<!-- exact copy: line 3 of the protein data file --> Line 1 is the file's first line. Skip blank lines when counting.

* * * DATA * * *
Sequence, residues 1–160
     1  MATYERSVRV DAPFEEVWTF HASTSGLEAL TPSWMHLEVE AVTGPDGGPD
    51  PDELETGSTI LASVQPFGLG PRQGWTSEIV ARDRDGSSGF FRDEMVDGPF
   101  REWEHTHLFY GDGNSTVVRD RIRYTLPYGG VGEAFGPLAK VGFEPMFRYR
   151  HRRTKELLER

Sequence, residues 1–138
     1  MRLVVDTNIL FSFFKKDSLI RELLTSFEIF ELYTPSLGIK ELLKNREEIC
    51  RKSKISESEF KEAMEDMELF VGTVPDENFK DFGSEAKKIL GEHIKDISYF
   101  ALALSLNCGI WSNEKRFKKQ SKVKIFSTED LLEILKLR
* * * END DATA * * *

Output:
    51  PDELETGSTI LASVQPFGLG PRQGWTSEIV ARDRDGSSGF FRDEMVDGPF